Beggars Can’t Be Choosers

Last week I had an acquaintance ask me for a small favour – they had a friend who had just started an online shop to compliment their physical store.  The idea that they had was that they could sell stuff on their website and ship it from their retail store.  This person figured they could slightly increase the inventory of the stuff in the shop that sold well online and it would help increase their volume and margins.

It’s a good idea and one that from my experience, not enough small retail store owners do enough of.  I know of one small hair salon that started selling their own shampoo formula this way and ended up growing a substantial side business that actually eclipsed their retail revenues and margins in under two years.

The problem this person who my friend was telling me about was having was that they were getting fleeced on their e-commerce store build-out and getting terrible results.

Let me just start by saying that this is, unfortunately, more common than it should be.  When people that aren’t experienced with building out commercial websites hire web developers sometimes things go haywire.  There are occasions where the business owner gets taken advantage of by an unscrupulous developer, but the truth is, most times the problems lie in the fact that the web developer may not be very good or the business owner has no idea about their requirements and the costs blow out.

In the example of this person my friend was telling me about, the feeling was that the business owner had no idea about the cost of customizations and the developer they chose was someone that was recommended because they “worked cheap.”

That’s a recipe for disaster right there.

Anyway, my friend asked if I’d have a quick Skype call with this business owner and see if there was anything I could do to help get them back on track.

I agreed and got in touch with the person a day or two later.  The first ten minutes of the conversation was taken up entirely with how their web developer was charging too much and how nothing worked the way they wanted it to work.  I asked if they could share their screen and show me around the website as it stood right now.

The developer had set up a test site and the front-end loaded pretty quickly.  Visually the site looked pretty good and then I had the business owner log me into the backend to have a poke around.  It was WooCommerce and almost immediately, it was obvious that there had been some serious custom code added.  Several simple features that just work look like they had been butchered.

While the business owner was showing me around, she was getting more and more agitated about how some of the things she wanted didn’t work the way she wanted and how the developer “totally screwed everything up.”  I asked a couple questions about some of the modifications that were made and she told me that she needed the changes made because “that’s not how my brain works.”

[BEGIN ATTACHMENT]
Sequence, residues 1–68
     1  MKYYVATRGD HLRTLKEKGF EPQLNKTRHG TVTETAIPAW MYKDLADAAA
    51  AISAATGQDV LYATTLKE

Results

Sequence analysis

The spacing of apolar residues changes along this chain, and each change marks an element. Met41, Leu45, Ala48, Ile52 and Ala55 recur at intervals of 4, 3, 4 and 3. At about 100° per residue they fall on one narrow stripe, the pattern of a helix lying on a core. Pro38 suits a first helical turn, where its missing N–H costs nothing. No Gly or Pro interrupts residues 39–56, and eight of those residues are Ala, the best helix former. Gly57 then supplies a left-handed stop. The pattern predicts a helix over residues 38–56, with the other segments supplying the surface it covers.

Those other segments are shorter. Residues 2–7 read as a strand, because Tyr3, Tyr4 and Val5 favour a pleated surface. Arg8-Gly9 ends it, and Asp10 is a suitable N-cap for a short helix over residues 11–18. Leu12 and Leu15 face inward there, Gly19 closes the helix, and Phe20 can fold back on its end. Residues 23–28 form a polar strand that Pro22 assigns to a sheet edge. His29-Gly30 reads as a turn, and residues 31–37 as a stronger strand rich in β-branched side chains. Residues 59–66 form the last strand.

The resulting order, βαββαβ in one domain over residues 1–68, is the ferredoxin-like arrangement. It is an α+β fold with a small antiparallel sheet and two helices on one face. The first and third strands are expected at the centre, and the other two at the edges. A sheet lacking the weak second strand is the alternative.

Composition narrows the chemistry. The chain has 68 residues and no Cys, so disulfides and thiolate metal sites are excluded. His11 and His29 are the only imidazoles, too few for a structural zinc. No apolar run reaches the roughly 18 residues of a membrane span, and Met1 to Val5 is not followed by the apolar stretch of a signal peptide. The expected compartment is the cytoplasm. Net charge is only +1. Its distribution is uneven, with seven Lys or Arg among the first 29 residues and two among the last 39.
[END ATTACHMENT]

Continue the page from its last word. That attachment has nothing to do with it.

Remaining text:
Obviously, the poor developer had tried to hack together something that was close to what this lady wanted, but really stood no chance of succeeding.  Her process as she was describing it to me was frankly pretty stupid and there was no logic to it from a workflow perspective.

I decided to cut her off and explain to her that she made a mistake, she took off the shelf software that worked a certain way and tried to get someone to shoehorn in her particular way of doing things and it was a failure.  I explained that the reason the price blew out was probably that her requirements changed.

She got really angry now and said I sounded just like her web developer and that the only thing she wanted was for someone to make her site work the way she wanted it to work for her business.

I decided it was time for some tough love.  I explained to her that she couldn’t have what she wanted because she couldn’t afford to get those types of changes made.  I also told her that as far as I could tell, she had two choices: one, get the developer back on board, pay him what she owed him and let him try and sort out the mess she made; or two, re-install a fresh copy of WooCommerce and change her processes to suit the out of the box product.

She said neither solution was what she wanted and she had a minor meltdown.  I figured by this point, I’d spent a half hour on this favour for my friend and was pretty much done trying to offer advice to someone who clearly wasn’t smart enough to take it.  I decided to be excruciatingly blunt with her and said, “Look, beggars can’t be choosers.  You can’t afford what you want, so you should take what you can get and be happy with it.”

A day or so later my friend sent me an email telling me that this other person thought I was dismissive and didn’t really want to help her.

The reality is, she was beyond help.  She had screwed up her requirements and in an effort to cut costs she hired a developer on a fixed price quotation for a variable set of deliverables.  It was never going to go the way she wanted – the blame and the outbursts were just a further manifestation of the underlying problem.

When you’re just starting out or you’re having problems in your business you often have to take help wherever it’s offered and make the best of the situation.  We often don’t have the luxury of being picky about things that help us get unstuck or moving forward when times are tough.

The secret is knowing when the problem is external or when you yourself are actually the problem!

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